Title

Lovers and their critics: The medieval marriage and sexuality debates

Date of Completion

January 1998

Keywords

Literature, Medieval|Religion, History of|Art History|History, Medieval

Degree

Ph.D.

Abstract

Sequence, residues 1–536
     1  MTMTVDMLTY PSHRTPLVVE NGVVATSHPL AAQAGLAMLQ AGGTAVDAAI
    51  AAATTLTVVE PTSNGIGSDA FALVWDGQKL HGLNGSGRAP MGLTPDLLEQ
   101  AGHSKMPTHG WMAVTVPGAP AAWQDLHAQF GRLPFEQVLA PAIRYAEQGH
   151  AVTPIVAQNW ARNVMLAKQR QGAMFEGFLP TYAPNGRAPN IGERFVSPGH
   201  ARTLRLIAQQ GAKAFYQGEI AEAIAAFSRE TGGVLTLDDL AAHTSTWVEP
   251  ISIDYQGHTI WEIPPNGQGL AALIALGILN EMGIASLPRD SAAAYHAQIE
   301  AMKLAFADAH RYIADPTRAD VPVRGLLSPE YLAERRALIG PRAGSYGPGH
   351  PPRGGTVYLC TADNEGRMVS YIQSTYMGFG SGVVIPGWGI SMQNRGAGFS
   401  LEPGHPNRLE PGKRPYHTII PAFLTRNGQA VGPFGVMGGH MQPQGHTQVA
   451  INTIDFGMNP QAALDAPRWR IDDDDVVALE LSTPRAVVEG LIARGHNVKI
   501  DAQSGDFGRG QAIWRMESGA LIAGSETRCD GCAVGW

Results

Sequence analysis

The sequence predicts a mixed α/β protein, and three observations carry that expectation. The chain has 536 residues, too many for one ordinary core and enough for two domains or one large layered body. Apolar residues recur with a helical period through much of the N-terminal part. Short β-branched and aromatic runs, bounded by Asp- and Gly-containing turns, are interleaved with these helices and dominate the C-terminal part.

The role of sexuality in Christian marriage and Christian society was the subject of much heated debate during the medieval period. Although marriage as a Christian institution of mutual contract was well defined by the end of the twelfth century, the definition of acceptable sexual relations within a valid marriage continued to be problematical. An examination of primary sources, particularly from the twelfth and thirteenth centuries, has shown that not all views of sexuality were negative, and that the topic was the focus of lively discussions within all factions of society.^ The west portal of Senlis cathedral, completed around 1170 under the tenure of Bishop Amaury, is presented as a monument which visually supported the marriage reforms of the late twelfth century. The strong association between Bishop Amaury and Pope Alexander III, a leading figure in marriage reform during this period, is examined. Alexander's insistence on mutuality of contract between the marriage partners is represented visually on the Senlis tympanum where the Heavenly Bride and Groom are given equal status.^ In the thirteenth-century Roman de la Rose, Jean de Meun brings to the reading public for the first time in the vernacular, issues relating to the debate on the role of sexuality in society--matters which had been the topic of discussion amongst the literati before this time. In the form of an unresolved disputation, the characters in the poem address many aspects of human sexuality, but the issue of which "authorities" should dictate the sexual behavior of the individual remains unresolved.^ By the fourteenth century, Chaucer in his Canterbury Tales is still wrestling with the issue of the relationship between marriage and sexuality, particularly in his presentation of the Wife of Bath and her tale. Chaucer's garrulous pilgrim openly admits to using her sexuality for economic gain in her first three marriages and seems also to advocate "maistrie," for herself in her final marriage to Jankyn. However, in her tale, Alisoun is able to articulate a position of mutuality and equality in the concluding scene where both husband and wife contribute to the happy resolution. ^